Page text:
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Photography Studio, Lighting and Pin-Hole Manual

A step by step guide on how to use studio equipment, and how to make a pin-hole camera.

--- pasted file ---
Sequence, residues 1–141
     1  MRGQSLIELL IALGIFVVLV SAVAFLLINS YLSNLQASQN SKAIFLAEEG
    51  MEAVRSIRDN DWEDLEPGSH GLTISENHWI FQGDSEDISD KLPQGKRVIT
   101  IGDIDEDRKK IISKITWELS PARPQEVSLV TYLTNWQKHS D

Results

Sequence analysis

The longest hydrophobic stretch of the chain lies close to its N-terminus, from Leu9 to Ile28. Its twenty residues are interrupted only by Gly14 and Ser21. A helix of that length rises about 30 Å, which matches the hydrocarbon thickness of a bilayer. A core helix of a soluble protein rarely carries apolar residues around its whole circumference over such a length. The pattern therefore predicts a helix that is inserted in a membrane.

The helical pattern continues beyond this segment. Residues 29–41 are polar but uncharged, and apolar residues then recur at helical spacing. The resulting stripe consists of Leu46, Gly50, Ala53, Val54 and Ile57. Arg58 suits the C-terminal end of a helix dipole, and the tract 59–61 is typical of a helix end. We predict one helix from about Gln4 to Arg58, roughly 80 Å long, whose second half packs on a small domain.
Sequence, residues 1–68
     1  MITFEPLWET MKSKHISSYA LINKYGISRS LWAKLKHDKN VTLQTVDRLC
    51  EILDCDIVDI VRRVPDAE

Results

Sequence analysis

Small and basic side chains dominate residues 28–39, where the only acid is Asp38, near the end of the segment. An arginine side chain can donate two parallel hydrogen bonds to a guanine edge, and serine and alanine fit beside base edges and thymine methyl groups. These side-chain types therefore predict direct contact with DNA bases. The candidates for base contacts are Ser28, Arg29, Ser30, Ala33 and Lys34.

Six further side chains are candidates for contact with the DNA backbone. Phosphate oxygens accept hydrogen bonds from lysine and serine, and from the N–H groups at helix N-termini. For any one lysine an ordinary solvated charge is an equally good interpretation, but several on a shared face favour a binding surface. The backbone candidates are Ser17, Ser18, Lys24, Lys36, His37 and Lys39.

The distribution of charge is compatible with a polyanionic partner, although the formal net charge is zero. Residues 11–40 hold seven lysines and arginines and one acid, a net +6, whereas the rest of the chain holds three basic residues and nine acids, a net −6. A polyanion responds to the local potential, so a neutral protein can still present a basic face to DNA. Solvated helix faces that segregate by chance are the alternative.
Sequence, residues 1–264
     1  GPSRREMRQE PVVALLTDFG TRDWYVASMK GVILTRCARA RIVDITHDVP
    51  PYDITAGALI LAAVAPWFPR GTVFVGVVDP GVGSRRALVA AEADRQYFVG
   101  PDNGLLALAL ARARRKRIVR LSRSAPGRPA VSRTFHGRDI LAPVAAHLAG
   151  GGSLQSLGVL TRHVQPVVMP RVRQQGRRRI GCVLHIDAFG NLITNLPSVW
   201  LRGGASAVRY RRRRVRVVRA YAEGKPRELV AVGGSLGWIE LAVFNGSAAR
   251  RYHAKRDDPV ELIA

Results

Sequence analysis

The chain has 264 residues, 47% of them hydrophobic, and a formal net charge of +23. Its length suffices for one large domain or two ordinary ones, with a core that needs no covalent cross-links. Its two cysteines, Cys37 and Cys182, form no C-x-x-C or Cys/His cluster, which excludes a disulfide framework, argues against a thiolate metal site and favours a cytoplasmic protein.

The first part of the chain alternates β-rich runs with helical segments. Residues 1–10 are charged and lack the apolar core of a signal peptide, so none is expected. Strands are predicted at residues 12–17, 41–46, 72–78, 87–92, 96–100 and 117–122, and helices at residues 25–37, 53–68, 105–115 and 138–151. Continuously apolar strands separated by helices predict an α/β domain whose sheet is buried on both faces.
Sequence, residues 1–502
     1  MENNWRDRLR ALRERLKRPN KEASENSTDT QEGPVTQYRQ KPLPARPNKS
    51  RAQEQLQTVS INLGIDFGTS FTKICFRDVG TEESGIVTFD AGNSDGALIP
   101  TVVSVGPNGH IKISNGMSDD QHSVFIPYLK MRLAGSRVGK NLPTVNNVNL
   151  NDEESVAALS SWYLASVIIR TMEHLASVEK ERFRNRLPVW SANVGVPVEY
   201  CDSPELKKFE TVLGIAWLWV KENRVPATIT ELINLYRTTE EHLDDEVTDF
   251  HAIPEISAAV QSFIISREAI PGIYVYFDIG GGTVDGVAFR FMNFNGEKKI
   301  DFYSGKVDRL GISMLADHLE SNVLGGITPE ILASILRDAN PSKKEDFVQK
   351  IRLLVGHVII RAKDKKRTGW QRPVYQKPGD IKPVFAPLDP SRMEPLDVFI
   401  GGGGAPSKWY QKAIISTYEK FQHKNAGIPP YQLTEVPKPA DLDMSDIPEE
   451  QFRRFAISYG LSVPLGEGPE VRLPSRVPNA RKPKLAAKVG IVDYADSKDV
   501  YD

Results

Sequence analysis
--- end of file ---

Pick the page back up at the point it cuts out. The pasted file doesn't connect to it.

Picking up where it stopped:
Steve Hird

on 19 May 2013

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Transcript of Photography Studio, Lighting and Pin-Hole Manual